Filtering and normalizing
The first step in analyzing a dataset involves processing the data matrix, which can be done using TS_Normalize. This involves filtering out operations or time series that produced many errors or special-valued outputs, and then normalizing of the output of all operations, which is typically done in-sample, according to an outlier-robust sigmoidal transform (although other normalizing transformations can be selected). Both of these tasks are performed using the function TS_Normalize. The TS_Normalize function writes the new, filtered, normalized matrix to a local file called HCTSA_N.mat. This contains normalized, and trimmed versions of the information in HCTSA.mat.
Example usage is as follows:
The first input controls the normalization method, in this case a scaled, outlier-robust sigmoidal transformation, specified with 'mixedSigmoid'. The second input controls the filtering of time series and operations based on minimum thresholds for good values in the corresponding rows (corresponding to time series; filtered first) and columns (corresponding to operations; filtered second) of the data matrix.
In the example above, time series (rows of the data matrix) with more than 20% special values (specifying 0.8) are first filtered out, and then operations (columns of the data matrix) containing any special values (specifying 1.0) are removed. Columns with approximately constant values are also filtered out. After filtering the data matrix, the outlier-robust ‘scaledRobustSigmoid’ sigmoidal transformation is applied to all remaining operations (columns). The filtered, normalized matrix is saved to the file HCTSA_N.mat.
Details about what normalization is saved to the HCTSA_N.mat file as normalizationInfo, a structure that contains the normalization function, filtering options used, and the corresponding TS_Normalize code that can be used to re-run the normalization.

Setting the normalizing transformation

It makes sense to weight each operation equally for the purposes of dimensionality reduction, and thus normalize all operations to the same range using a transformation like ‘scaledRobustSigmoid’, ‘scaledSigmoid’, or ‘mixedSigmoid’. For the case of calculating mutual information distances between operations, however, one would rather not distort the distributions and perform no normalization, using ‘raw’ or a linear transformation like ‘zscore’, for example. The full list of implemented normalization transformations are listed in the function BF_NormalizeMatrix.
Note that the 'scaledRobustSigmoid' transformation does not tolerate distributions with an interquartile range of zero, which will be filtered out; 'mixedSigmoid' will treat these distributions in terms of their standard deviation (rather than interquartile range).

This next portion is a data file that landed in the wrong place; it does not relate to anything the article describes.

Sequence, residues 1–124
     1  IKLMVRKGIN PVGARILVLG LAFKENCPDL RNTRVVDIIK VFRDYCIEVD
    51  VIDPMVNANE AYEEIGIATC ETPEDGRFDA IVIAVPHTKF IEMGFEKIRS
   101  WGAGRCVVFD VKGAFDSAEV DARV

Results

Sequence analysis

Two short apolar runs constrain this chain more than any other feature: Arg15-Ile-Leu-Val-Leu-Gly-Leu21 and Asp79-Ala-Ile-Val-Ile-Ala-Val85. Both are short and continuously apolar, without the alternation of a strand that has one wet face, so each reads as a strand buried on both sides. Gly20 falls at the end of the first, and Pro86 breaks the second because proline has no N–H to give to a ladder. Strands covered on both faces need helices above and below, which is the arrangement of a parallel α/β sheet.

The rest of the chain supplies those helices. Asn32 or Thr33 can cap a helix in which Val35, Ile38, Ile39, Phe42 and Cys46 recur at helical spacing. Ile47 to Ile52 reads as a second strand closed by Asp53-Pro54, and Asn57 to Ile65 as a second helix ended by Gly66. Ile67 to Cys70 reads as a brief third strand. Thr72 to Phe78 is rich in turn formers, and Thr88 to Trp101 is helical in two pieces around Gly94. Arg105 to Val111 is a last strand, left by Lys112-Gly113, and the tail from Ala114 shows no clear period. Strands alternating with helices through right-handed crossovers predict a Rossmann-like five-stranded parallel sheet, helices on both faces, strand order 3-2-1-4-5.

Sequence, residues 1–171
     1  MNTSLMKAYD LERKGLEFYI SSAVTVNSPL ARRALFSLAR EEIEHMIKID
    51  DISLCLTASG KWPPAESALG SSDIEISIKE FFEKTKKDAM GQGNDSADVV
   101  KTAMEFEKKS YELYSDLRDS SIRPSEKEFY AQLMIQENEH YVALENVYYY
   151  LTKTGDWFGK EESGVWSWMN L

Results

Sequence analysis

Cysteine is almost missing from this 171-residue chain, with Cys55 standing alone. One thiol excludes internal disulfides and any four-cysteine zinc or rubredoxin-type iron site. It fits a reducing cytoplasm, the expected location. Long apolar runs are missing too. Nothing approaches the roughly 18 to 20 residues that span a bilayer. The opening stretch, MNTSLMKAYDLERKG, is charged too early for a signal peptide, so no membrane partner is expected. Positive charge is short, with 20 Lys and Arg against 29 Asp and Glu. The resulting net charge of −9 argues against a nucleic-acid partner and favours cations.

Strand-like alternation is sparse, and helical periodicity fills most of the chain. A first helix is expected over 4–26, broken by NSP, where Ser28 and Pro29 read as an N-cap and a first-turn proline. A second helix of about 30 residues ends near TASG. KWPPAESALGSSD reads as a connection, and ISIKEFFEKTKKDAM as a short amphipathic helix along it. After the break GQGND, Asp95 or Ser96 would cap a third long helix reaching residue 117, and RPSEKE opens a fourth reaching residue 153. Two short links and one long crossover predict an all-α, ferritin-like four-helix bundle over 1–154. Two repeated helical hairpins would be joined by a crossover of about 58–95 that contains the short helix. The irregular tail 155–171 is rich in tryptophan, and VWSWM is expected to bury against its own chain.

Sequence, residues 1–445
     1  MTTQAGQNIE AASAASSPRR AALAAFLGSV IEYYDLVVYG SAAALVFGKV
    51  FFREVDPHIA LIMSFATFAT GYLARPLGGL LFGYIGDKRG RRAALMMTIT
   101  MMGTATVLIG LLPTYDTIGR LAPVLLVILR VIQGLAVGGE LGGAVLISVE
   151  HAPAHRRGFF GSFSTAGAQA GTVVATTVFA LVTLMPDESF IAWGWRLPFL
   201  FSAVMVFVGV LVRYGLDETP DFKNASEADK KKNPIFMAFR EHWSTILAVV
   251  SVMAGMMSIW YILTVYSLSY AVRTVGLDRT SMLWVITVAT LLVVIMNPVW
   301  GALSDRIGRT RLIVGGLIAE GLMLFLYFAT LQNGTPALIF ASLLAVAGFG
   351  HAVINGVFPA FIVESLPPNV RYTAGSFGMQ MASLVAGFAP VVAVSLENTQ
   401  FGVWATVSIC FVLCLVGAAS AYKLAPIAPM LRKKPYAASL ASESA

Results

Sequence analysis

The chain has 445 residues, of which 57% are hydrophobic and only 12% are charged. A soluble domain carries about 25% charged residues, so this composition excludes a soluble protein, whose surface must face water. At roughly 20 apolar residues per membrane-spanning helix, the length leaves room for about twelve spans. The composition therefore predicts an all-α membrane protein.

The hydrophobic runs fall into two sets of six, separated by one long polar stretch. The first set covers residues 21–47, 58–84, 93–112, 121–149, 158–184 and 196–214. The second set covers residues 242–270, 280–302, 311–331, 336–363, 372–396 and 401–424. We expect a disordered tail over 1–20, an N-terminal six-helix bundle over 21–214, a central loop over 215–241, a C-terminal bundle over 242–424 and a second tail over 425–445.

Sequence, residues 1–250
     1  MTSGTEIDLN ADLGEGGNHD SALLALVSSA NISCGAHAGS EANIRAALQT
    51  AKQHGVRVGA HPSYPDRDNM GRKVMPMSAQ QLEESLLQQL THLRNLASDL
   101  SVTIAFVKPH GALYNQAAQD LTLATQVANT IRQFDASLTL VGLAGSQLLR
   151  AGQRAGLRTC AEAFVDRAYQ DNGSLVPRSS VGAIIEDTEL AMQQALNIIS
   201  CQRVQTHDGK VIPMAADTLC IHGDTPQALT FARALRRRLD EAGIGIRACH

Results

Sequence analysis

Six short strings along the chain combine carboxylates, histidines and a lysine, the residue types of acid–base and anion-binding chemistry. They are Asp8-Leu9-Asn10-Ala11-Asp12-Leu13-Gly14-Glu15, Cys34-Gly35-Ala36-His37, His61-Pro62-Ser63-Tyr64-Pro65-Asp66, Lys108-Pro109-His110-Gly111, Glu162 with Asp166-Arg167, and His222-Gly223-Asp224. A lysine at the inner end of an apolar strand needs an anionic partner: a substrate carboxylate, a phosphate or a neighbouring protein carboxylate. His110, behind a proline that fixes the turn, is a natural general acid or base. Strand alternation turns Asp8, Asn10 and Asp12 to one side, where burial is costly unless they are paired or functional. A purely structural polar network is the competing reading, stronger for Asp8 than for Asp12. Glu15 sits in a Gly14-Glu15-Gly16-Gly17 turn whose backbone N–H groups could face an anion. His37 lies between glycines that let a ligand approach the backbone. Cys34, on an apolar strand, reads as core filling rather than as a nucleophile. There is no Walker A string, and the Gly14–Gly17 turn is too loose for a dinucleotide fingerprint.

Setting the filtering parameters

Filtering parameters depend on the application. Some applications can allow the filtering thresholds to be relaxed. For example, setting [0.7,0.9], removes time series with less than 70% good values, and then removes operations with less than 90% good values. Some applications can tolerate some special-valued outputs from operations (like some clustering methods, where distances are simply calculated using those operations that are did not produce special-valued outputs for each pair of objects), but others cannot (like Principal Components Analysis); the filtering parameters should be specified accordingly.
Analysis can be performed on the data contained in HCTSA_N.mat in the knowledge that different settings for filtering and normalizing the results can be applied at any time by simply rerunning TS_Normalize, which will overwrite the existing HCTSA_N.mat with the results of the new normalization and filtration settings.

Filtering features using TS_FilterData

It is often useful to check whether the feature-based classification results of a given analysis is driven by 'trivial' types of features that do not depend on the dynamical properties of the data, e.g., features sensitive to time-series length, location (e.g., mean), or spread (e.g., variance). Because these features are labeled as 'lengthdep', 'locdep', and 'spreaddep', you can easily filter these out to check the robustness of your analysis.
An example:
% Get the IDs of length-dependent features from the `HCTSA.mat` file:
[ID_lengthDep,ID_notlengthDep] = TS_GetIDs('lengthdep','raw','ops');
% Generate a new file without these features, called 'HCTSA_locFilt':
You could use the same template to filter 'locdep' or 'spreaddep' features (or any other combination of keyword labels). You can then go ahead with analyzing the filtered HCTSA dataset as above, except using your new filename, HCTSA_locFilt.